Acetaminophen is widely used in children, because its safety and efficacy are well established. Although the risk of developing toxic reactions to acetaminophen appears to be lower in children than in adults, such reactions occur in pediatric patients from intentional overdoses. Less frequently, acetaminophen toxicity is attributable to unintended inappropriate dosing or the failure to recognize children at increased risk in whom standard acetaminophen doses have been administered. Because the symptoms of acetaminophen intoxication are nonspecific, the diagnosis and treatment of acetaminophen intoxication are more likely to be delayed in unintentional cases of toxicity. This statement describes situations and conditions that may contribute to acetaminophen toxicity not associated with suicidal intentions.
The safety and efficacy of acetaminophen in children are well established, especially in comparison with aspirin. In general, the risk of developing toxic reactions to acetaminophen appear to be lower in children than in adults.1,,2 Despite the very low incidence of toxic effects, acetaminophen toxicity remains a concern, because this drug is used very widely in children.3 Data collected in 1997 by 66 US regional poison control centers included more than 10 000 cases in which N-acetylcysteine (NAC), the antidote for acetaminophen, was used.4 Of 94 fatal acetaminophen overdose cases in which the reasons for exposure are known, most were associated with suicidal intentions. In 25% of the fatal cases, unintentional therapeutic error (n = 10) and intentional misuse without suicidal intent (n = 14) were the reasons for the exposure. This indicates a lack of understanding on the part of the patient or caretaker regarding acetaminophen therapy. Among the cases without suicidal intent, 3 deaths occurred in patients younger than 16 years. The perceived safety of acetaminophen may contribute to inappropriate dosing, failure to recognize children at increased risk, and delay in diagnosis and treatment of acetaminophen intoxication.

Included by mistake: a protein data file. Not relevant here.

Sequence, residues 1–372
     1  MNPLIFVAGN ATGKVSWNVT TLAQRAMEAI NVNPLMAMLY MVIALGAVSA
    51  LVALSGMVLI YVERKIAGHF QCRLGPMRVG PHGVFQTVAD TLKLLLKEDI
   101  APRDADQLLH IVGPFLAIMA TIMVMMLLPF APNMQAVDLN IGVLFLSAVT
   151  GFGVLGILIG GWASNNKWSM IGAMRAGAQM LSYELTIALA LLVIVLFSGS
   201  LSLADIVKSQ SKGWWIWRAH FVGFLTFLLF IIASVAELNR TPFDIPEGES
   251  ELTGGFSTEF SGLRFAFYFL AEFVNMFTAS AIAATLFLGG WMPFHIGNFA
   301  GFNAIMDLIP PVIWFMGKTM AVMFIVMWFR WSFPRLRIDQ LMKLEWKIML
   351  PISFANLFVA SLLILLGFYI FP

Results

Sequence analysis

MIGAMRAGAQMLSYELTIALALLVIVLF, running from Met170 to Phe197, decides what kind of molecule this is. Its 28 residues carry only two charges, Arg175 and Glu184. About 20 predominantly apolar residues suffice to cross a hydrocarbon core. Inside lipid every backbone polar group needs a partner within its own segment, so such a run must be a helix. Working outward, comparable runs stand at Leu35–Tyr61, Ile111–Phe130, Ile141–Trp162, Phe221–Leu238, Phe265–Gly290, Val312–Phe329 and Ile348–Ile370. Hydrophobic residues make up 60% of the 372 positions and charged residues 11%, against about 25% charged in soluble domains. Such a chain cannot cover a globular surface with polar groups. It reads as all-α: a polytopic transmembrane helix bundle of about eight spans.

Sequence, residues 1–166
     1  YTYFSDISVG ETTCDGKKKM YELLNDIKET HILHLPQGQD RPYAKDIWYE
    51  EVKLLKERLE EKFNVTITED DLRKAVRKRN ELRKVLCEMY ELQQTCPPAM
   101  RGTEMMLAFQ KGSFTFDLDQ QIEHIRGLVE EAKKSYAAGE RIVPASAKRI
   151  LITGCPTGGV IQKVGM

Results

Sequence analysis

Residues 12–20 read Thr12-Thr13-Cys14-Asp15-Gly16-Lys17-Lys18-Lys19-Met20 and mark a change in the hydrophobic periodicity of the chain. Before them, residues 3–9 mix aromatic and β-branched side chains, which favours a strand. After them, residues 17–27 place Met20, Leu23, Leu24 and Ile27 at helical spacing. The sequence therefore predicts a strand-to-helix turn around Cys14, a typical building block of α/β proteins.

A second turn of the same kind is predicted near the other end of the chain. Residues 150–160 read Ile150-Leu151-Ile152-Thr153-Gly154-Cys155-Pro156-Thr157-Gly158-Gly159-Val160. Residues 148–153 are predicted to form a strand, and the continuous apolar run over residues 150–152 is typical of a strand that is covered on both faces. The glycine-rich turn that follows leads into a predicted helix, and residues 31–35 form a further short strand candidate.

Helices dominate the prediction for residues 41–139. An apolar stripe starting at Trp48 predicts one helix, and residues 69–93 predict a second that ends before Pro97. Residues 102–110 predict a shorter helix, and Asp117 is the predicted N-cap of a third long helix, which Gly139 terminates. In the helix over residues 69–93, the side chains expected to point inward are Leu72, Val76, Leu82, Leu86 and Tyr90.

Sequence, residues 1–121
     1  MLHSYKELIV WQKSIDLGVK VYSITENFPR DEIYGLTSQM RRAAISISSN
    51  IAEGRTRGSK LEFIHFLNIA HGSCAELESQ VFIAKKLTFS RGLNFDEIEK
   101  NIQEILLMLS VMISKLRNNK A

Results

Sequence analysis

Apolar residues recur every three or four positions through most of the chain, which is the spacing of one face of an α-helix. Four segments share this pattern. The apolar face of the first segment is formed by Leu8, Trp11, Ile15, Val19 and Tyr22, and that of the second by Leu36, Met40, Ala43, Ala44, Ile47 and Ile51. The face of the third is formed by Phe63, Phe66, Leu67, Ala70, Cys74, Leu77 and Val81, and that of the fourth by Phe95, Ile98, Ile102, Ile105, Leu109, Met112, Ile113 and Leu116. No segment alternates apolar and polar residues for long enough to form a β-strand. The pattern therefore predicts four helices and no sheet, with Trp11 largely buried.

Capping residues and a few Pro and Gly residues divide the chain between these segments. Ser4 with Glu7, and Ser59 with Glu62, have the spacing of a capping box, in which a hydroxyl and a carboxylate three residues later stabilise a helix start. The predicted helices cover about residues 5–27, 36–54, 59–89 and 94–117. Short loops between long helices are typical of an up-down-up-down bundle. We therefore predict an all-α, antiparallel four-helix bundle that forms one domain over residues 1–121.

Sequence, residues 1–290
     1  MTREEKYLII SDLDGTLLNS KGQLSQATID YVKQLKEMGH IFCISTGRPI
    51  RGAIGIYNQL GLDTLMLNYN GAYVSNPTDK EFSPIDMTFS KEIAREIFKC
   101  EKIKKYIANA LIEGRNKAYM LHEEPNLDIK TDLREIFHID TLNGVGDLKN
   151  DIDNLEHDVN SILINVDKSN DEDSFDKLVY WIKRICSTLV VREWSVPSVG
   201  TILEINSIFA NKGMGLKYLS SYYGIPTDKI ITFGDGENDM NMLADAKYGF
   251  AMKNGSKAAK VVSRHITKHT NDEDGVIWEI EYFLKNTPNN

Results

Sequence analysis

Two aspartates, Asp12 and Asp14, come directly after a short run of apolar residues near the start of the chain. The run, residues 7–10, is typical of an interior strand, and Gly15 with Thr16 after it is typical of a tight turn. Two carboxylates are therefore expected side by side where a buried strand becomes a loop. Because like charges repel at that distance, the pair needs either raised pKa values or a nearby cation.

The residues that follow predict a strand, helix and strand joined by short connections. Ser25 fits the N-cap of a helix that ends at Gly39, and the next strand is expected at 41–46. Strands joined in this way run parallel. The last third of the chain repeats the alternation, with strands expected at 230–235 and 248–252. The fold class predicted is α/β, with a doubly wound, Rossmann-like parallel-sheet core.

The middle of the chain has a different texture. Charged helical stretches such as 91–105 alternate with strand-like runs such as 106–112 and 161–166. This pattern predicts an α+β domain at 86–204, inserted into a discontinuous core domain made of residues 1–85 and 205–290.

Recent reviews identified several factors associated with acetaminophen hepatotoxicity in children, including: age less than 10 years associated with inappropriate dosing, delays in onset of symptoms after a potentially toxic ingestion, delays in initiation of NAC treatment, unintentional multiple overdosing, ingestion of acetaminophen along with another hepatotoxic drug (Table 1),5 and use of adult rather than pediatric preparations.6 Failure to read and understand the label instructions or use of an incorrect measuring device or preparation were cited as the usual causes of unintentional overdosing.5 Use of sustained-release preparations, particularly without appropriate increases in dosing intervals, coadministration of an over-the-counter, fixed-dose combination product without recognizing that it contains acetaminophen, or supervision of medication administration by another child may also contribute to such errors.5